Comcast is a particularly nasty competitor at the political level, according to comments filed by CenturyLink with the FCC regarding the proposed mega-merger with Time-Warner (h/t to Fierce Cable for the pointer). Although CenturyLink claims to be the “third largest telecommunications provider in the United States”, it also points out that it’s relatively small player in TV terms – 215,000 subs in 12 markets, it says – due in part to Comcast’s unique influence and combative stance with local governments…
Comcast has been uniquely and extraordinarily aggressive in seeking to delay CenturyLink’s entry into new markets. For example, in the Denver metropolitan area, where CenturyLink is currently pursuing local video franchises, Comcast appears to be sending a similar letter to each local franchising authority [LFA] from which CenturyLink is seeking a franchise or potentially might be seeking a franchise providing Comcast’s “concerns” regarding CenturyLink’s entry into the video market. The “concerns” that Comcast has raised, while couched in terms of “fair competition,” are in reality an effort to have the LFA impose such onerous and unreasonable buildout requirements that the new entrant will not be able to obtain a franchise agreement that will support a feasible business plan….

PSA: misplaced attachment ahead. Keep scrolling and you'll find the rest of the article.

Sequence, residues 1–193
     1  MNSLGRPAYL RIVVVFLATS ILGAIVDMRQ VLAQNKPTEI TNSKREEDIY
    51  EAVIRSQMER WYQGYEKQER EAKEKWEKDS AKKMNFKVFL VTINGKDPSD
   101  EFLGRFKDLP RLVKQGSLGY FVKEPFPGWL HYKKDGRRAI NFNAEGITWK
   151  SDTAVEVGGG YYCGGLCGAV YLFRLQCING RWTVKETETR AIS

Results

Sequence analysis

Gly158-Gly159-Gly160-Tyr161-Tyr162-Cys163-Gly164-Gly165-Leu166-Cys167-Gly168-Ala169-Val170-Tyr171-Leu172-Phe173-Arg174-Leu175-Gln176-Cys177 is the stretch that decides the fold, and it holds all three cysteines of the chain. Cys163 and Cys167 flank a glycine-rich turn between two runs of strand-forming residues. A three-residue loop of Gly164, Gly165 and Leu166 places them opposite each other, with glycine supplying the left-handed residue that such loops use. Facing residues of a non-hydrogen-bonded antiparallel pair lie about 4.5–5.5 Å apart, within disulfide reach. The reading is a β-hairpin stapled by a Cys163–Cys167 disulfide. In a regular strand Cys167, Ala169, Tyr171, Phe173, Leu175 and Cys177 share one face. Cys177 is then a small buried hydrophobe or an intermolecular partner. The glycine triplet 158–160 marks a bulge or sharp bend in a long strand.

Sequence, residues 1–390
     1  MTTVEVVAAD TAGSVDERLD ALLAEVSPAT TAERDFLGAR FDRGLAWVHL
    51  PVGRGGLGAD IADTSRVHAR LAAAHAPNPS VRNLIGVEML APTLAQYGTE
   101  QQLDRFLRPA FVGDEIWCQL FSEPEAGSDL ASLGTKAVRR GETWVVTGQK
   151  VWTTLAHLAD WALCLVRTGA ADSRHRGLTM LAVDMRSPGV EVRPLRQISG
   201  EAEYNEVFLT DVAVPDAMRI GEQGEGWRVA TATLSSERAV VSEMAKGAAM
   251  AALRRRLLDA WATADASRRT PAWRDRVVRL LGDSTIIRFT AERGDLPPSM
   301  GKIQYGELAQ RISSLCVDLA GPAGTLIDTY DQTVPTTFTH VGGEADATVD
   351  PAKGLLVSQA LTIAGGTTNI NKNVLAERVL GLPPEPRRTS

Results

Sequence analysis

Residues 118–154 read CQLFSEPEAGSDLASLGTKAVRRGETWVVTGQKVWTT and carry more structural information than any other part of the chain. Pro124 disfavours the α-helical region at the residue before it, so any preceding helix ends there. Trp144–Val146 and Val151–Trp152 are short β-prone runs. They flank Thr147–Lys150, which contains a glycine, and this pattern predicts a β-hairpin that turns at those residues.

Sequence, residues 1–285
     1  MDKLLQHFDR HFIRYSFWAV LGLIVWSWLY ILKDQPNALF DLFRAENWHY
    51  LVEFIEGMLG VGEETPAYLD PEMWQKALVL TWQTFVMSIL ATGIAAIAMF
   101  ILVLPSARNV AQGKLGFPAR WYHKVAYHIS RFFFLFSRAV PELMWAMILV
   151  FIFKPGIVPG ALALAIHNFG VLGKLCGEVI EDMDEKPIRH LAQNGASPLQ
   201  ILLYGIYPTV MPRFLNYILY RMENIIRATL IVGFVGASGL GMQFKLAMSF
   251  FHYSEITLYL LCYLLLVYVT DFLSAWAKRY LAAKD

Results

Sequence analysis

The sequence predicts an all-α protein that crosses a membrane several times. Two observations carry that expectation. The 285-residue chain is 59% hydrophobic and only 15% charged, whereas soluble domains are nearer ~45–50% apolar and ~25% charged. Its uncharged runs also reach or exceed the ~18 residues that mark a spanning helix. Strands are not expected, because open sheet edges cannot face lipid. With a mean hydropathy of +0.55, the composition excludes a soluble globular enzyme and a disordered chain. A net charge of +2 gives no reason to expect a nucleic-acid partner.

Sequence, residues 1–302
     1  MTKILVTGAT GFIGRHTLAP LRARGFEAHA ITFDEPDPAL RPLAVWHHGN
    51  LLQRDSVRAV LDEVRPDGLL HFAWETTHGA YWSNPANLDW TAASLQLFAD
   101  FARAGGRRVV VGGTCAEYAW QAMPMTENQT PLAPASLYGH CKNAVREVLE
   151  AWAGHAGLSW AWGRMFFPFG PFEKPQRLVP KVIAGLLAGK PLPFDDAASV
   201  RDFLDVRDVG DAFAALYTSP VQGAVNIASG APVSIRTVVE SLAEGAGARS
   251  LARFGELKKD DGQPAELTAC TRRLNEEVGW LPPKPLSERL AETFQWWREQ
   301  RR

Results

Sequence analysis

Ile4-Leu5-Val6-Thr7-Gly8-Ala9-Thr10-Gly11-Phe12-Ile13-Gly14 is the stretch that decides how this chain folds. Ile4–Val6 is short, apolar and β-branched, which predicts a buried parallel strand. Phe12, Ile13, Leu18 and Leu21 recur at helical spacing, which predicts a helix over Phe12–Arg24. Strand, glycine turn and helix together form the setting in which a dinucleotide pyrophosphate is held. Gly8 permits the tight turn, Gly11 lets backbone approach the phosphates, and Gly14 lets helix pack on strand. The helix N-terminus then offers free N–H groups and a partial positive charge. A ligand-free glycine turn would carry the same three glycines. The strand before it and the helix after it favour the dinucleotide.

In Colorado Springs, where CenturyLink ultimately obtained a franchise to provide video service in 2012, Comcast undertook extensive but ultimately unsuccessful efforts to have the Colorado Springs City Council impose onerous buildout requirements on CenturyLink.70 Comcast’s efforts succeeded in causing CenturyLink to spend 20 months to obtain a single franchise.
In CenturyLink’s experience, other providers have not engaged in similar conduct.
CenturyLink’s accusations have a ring of truth. Although it’s been my experience that most incumbents – large or small – will fight their corner when confronted by possible new competition, Comcast is indeed “uniquely and extraordinarily aggressive” when attempting to sway local and state agencies. Amplifying Comcast’s clout in California by allowing it to control as much as 80% of the market here would allow it to bring an intolerable level of political influence to bear on competitors.